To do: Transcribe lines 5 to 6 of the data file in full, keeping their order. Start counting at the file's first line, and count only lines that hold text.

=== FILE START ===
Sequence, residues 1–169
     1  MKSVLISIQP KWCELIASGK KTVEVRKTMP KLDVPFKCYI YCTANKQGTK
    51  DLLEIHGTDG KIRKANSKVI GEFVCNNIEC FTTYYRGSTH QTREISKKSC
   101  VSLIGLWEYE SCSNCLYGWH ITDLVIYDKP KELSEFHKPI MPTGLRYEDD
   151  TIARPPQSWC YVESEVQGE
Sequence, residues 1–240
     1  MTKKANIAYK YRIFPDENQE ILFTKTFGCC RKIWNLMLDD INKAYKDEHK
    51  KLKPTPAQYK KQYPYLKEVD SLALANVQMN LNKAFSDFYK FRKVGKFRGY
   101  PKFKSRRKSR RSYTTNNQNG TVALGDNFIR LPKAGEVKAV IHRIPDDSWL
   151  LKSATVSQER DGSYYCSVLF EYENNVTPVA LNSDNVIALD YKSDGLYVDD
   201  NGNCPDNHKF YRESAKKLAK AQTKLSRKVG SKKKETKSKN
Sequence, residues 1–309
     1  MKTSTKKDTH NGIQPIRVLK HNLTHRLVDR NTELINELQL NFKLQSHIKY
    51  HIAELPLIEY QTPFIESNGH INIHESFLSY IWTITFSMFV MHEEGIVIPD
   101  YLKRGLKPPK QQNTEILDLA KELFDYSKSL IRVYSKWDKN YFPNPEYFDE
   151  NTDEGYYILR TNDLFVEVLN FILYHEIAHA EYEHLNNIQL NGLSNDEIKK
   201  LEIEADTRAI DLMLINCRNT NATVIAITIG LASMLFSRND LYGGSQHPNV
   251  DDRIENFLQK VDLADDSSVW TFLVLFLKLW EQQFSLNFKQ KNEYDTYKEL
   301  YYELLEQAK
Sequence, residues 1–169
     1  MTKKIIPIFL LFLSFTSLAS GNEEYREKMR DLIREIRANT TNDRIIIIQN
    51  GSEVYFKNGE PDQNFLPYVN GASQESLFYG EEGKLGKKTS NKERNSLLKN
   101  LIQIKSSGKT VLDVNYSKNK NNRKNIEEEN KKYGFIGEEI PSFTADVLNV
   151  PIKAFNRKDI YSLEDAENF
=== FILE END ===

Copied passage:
   151  TIARPPQSWC YVESEVQGE
Sequence, residues 1–240